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Learning How to Ferment

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SPRINGFIELD, Ore. — Oregon’s summer and fall harvests are worth waiting for; but by learning a few tricks, eating local can be an all year occurrence.

The kitchen at Sprout! is up and running after years of planning.

“Things are going great. We have our first users in the space, Mcgean’s Cookies. They’re making gourmet cookies and selling them at our farmer’s market as well. We have a number of other users on the docket,” said Micah Elconin, Sprout! Program Supervisor.

The commercial kitchen’s stocked with gear.

“Every piece of kitchen equipment you could really ever want,” Elconin said.

This makes it the perfect place for a kind of fermentation demonstration.

“Sauerkraut is a great example of a fermented food. It’s something that appeals to just about everybody, young and old,” said Jennifer Levin, Master Food Preserver.

Levin is a University of Oregon professor by day, but also a master food preserver with the OSU extension service.

“You need the cabbage and you need the salt. That’s it. You need to slice the cabbage as finely as you can. What you do is you get the salt and kind of break up the cabbage shreds so you get the liquid exuding. What you’re doing is you’re breaking down the cells here. Once you do that, then you wanna pack it really firmly into your jar. The salt starts to act on the cabbage and break it down. Then the lactic bacteria starts to form in the cabbage and make it sour. That’s it. It’s really easy,” Levin said.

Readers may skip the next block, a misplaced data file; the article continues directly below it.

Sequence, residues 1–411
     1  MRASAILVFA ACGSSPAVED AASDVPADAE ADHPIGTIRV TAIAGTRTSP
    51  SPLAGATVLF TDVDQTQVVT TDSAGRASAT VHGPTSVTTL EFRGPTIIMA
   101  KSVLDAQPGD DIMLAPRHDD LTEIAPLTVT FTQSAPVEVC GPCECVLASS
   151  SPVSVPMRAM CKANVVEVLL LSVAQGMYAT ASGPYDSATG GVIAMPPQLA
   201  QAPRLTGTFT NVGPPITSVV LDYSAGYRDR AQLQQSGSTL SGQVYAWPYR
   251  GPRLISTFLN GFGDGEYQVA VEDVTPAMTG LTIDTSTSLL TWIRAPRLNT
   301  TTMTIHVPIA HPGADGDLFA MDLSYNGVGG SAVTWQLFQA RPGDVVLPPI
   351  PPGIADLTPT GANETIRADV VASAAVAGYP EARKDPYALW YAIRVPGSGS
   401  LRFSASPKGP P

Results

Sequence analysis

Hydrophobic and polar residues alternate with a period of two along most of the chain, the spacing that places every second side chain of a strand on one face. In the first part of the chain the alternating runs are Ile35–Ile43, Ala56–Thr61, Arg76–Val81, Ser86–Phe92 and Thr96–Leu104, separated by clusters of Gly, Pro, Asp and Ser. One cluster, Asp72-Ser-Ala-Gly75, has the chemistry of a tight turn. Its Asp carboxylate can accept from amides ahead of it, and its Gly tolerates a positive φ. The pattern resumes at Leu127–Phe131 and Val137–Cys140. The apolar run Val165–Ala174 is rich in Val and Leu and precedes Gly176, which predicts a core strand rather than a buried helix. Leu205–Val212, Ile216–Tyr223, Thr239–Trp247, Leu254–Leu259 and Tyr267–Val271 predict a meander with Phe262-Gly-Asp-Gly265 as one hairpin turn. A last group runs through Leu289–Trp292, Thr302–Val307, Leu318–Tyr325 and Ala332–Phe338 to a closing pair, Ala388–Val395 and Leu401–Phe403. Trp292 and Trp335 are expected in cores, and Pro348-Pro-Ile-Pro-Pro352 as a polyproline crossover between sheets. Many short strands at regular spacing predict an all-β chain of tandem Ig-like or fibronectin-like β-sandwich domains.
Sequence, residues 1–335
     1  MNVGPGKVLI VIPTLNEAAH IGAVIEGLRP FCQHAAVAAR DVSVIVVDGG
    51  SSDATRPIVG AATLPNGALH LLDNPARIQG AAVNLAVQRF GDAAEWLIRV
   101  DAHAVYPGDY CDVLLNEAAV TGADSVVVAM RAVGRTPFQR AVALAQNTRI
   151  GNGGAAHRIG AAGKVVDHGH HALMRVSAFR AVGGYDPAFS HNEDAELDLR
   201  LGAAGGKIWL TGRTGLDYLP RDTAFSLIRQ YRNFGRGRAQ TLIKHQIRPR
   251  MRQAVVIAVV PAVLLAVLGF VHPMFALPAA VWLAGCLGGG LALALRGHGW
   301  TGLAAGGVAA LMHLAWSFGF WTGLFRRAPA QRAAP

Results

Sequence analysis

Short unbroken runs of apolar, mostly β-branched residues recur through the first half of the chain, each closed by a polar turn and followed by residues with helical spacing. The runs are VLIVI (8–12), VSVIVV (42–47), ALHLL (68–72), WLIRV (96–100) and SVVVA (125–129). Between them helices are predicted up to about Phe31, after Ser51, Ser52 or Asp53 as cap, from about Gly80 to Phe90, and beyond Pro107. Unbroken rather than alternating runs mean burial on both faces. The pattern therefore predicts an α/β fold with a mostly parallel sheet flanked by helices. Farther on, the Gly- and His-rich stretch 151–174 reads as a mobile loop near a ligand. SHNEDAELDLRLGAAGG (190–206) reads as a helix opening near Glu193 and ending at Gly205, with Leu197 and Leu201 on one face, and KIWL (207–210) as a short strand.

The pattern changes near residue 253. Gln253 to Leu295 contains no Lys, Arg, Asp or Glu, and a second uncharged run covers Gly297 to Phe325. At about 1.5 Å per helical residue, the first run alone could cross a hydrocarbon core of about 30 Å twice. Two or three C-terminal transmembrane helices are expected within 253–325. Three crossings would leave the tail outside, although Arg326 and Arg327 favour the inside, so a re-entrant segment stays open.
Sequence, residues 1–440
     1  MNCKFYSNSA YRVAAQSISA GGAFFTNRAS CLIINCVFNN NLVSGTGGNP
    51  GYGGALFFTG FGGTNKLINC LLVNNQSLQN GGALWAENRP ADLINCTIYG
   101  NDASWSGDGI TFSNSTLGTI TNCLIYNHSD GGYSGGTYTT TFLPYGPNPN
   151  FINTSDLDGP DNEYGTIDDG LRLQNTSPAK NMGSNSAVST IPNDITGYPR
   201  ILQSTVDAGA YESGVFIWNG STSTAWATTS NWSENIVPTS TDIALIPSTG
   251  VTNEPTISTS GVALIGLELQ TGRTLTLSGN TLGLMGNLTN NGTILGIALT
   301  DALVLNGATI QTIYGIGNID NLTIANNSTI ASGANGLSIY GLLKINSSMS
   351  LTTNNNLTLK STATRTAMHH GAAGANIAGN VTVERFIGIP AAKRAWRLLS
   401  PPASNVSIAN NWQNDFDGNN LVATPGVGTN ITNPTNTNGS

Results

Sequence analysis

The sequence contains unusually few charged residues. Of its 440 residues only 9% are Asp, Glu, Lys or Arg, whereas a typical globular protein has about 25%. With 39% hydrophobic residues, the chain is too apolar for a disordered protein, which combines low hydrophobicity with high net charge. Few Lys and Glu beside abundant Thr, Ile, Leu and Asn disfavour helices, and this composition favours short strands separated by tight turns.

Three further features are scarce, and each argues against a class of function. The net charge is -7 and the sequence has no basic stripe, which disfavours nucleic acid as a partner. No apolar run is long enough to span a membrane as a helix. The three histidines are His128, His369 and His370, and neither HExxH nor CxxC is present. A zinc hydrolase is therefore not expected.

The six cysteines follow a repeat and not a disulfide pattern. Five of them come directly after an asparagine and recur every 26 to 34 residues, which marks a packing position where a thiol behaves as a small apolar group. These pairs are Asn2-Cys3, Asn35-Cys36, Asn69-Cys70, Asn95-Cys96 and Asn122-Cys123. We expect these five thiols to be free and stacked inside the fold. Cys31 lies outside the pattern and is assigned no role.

Most other recipes aren’t that easy, which is why it helps to get some hands-on training through one of the extension service’s classes.

“They are absolutely the best bargain in town. For a price of about $40 or $50, you get instruction, recipes, hands-on training, samples, lunch. You get all kinds of benefits from a very cheap class,” Levin said.

Not to mention taking advantage of the Willamette Valley’s bountiful harvest.

“What’s nice about preservation is if you learn things like how to make sauerkraut or make fermented salsa or make fermented peppers, you can actually eat locally all year round,” Levin said.

Click here for a list of extension service classes.

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